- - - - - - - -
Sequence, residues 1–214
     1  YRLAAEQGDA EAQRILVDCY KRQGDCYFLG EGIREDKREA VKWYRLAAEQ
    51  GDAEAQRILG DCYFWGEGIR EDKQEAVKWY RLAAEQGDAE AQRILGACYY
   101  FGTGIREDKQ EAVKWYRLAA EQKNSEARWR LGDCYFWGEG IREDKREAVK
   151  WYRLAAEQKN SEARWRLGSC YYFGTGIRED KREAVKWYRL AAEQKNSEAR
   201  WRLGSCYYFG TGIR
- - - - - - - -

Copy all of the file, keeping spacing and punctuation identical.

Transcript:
Sequence, residues 1–214
     1  YRLAAEQGDA EAQRILVDCY KRQGDCYFLG EGIREDKREA VKWYRLAAEQ
    51  GDAEAQRILG DCYFWGEGIR EDKQEAVKWY RLAAEQGDAE AQRILGACYY
   101  FGTGIREDKQ EAVKWYRLAA EQKNSEARWR LGDCYFWGEG IREDKREAVK
   151  WYRLAAEQKN SEARWRLGSC YYFGTGIRED KREAVKWYRL AAEQKNSEAR
   201  WRLGSCYYFG TGIR